These steps are time consuming. There's no doubt about that, but they can make the difference between a stack of form rejections and requests to read your full manuscript. Keep in mind that once you narrow your search, you still need a kick-ass query letter. That's another post!
On the weekends I work at my neighborhood bookstore. It's a pretty fun place to work and the store seems to attract some pretty interesting characters. For lack of another name I give you Scooter Lady
Asst. Store Manager: Ma'am, we don't have that book in stock, but I can order it for you.
Scooter Lady: Well how long will that take?
ASM: Three to eight business days, give or take.
Scooter Lady: Three to eight business days. I could be dead by then.
ASM: Yeah, I'm guessing that's probably not going to happen
Scooter Lady: Really, I was on life support three weeks ago.
ASM: You look pretty good to me.
Scooter Lady: Okay order the book. How much for these? She asks pointing to her stack of books.
ASM: I'll ring those up now.
Scooter Lady: Someone's going to have to take these to my car, 'cause they are not going to get there by themselves.
ASM: I'd be happy to.
So the ASM helps Scooter Lady take the books to her car. He helps her fold up her scooter, which really isn't a scooter more like a chair with wheels. So Scooter Lady goes on her way. She pulls out of the parking lot and pauses for a moment, then drives a few feet, pauses. This continues until she gets to the street. She drives through a red light at about 5 miles per hour across three lanes of traffic, finally turning left.
This does beg the question, should you be running errands if you were on life support earlier in the month? Driving should definitely not be an option.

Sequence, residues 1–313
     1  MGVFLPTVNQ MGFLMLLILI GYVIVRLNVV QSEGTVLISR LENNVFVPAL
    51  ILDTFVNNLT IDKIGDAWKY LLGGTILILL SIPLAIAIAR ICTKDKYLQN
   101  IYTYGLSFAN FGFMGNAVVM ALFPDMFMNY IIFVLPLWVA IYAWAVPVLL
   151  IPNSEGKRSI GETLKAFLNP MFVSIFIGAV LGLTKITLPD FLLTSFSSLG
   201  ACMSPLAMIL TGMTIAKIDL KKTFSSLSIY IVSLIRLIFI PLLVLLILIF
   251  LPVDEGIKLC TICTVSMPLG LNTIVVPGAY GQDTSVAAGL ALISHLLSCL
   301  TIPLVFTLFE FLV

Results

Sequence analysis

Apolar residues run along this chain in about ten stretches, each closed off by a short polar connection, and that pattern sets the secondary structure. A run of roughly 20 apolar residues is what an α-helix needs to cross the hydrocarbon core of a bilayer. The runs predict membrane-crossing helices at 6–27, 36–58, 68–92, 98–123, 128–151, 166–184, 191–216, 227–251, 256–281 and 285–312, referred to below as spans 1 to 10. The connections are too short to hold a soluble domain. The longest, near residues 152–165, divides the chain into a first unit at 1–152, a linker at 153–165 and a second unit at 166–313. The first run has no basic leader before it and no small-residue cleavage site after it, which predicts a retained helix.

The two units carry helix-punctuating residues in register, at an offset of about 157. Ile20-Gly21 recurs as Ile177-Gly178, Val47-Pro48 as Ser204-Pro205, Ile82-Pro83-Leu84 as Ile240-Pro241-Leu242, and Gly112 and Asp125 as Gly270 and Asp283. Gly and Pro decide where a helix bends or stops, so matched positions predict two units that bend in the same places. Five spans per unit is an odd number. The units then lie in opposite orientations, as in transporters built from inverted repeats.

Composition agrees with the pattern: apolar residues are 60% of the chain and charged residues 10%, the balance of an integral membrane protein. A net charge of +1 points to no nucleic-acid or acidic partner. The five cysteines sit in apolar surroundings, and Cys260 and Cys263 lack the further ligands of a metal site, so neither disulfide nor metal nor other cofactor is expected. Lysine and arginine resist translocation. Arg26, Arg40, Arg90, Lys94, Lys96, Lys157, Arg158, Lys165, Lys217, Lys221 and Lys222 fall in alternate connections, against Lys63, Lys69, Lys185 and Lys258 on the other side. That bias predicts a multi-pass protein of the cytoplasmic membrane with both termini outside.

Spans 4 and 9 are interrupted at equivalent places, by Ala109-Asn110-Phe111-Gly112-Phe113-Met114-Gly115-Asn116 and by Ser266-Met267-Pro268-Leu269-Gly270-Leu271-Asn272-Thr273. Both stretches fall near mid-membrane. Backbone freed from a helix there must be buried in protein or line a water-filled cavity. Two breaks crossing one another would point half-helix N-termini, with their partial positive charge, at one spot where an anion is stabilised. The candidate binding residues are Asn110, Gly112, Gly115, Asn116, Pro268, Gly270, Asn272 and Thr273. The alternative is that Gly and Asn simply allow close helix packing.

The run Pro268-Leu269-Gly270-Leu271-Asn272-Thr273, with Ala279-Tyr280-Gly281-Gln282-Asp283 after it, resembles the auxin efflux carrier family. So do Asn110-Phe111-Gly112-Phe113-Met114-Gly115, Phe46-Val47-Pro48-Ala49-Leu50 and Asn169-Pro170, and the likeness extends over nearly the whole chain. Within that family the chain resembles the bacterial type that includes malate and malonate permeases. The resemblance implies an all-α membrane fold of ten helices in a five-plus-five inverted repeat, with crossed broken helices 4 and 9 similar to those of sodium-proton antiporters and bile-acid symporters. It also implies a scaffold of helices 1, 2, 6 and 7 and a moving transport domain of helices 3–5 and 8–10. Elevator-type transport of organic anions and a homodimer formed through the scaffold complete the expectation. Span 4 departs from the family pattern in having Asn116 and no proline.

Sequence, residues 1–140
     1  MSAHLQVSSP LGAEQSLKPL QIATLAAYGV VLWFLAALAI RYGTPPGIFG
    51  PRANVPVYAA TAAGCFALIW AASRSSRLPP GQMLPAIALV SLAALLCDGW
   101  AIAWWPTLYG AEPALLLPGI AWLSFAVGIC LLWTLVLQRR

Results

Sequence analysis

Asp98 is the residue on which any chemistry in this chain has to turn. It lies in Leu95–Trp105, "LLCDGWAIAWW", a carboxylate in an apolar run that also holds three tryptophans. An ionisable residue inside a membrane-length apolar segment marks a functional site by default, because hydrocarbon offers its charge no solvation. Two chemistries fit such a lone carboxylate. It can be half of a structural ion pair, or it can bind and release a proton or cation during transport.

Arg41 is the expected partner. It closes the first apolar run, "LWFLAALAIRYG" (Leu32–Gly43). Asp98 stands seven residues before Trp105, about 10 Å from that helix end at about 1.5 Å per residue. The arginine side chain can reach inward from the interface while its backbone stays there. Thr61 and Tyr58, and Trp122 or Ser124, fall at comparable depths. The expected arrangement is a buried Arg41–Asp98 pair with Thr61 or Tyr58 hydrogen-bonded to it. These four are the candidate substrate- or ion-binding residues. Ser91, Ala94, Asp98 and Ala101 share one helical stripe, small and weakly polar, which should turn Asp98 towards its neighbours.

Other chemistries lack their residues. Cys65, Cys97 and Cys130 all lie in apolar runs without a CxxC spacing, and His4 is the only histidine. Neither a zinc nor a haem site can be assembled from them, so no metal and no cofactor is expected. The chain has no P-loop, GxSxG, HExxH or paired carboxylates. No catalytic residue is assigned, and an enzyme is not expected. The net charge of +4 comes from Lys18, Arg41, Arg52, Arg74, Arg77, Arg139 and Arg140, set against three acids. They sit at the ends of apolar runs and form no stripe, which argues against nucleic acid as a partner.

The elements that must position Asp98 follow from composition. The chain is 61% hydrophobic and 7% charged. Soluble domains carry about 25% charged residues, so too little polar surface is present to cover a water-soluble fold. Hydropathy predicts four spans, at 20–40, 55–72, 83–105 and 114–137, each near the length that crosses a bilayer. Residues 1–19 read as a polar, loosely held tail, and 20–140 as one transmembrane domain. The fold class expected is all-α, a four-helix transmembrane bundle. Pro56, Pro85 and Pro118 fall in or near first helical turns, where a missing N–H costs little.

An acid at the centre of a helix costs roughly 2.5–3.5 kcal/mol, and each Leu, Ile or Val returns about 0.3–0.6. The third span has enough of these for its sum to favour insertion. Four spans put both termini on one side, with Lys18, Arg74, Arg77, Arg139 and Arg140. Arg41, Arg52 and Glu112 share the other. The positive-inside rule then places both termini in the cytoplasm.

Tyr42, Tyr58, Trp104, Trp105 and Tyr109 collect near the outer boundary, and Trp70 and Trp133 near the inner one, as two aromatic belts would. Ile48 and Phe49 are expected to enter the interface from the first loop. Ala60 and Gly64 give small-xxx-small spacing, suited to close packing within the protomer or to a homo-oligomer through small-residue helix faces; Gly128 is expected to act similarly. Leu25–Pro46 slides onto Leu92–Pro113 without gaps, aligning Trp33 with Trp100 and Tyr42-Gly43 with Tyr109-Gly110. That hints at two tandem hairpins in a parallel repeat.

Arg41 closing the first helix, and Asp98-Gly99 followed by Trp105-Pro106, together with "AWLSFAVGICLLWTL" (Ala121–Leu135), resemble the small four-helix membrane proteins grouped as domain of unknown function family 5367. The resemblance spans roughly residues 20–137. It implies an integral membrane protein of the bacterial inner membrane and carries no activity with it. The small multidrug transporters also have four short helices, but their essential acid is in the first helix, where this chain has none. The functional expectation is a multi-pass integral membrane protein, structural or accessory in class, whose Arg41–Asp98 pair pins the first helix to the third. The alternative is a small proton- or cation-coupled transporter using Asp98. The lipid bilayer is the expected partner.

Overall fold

Anyway, we hope Scooter Lady made it home safely, her book should be in by Saturday.
Bailey and Lucky mulling over another manuscript One of the most important things a writer can do when they have revised and revised and revised their manuscript is to give their manuscript to a trusted beta reader- that one person or persons who will give the manuscript a good read and give feedback. If you don't have someone like that, you can find online critique groups through professional organizations like SCBWI or through websites like Writer's Digest(www.writersdigest.com/forums ).
There are also some great sites that offer this type of feedback for free. There is a catch. In most cases your work will be posted on the site and critiqued publicly. These sites aren't for the thin skinned or weak hearted, but they can be helpful just the same.
On Ray Ramey's Flogging the Quill site(http://www.floggingthequill.com/) , he will critique the first 16 lines of a manuscript. He offers some great feedback and even if you don't post your work, his critiques of other people's work are insightful and useful just the same.
Literary agent Janet Reid critiques query letters on her Query Shark blog(queryshark.blogspot.com) . Her critiques are often blunt and always insightful. She posts the query letter and her critique on the site. It's an invaluable tool to use when writing query letters.
Both sites deserve a look, just make sure you read and follow the rules.
I've been wanting to start a blog for a while. I'm finally getting around to it. As the description states, this blog will be alot about writing, a lot about cats and a little about me.
The picture to the right is my cat Lucky. He was the first runner up in the the Most Adorable Galleycat contest(www.mediabistro.com/galleycat) last summer. He's still a little bitter over the heartbreaking loss. But he's adjusting. He'll be making frequent appearances on the blog along with his feline partner-in-crime, Bailey.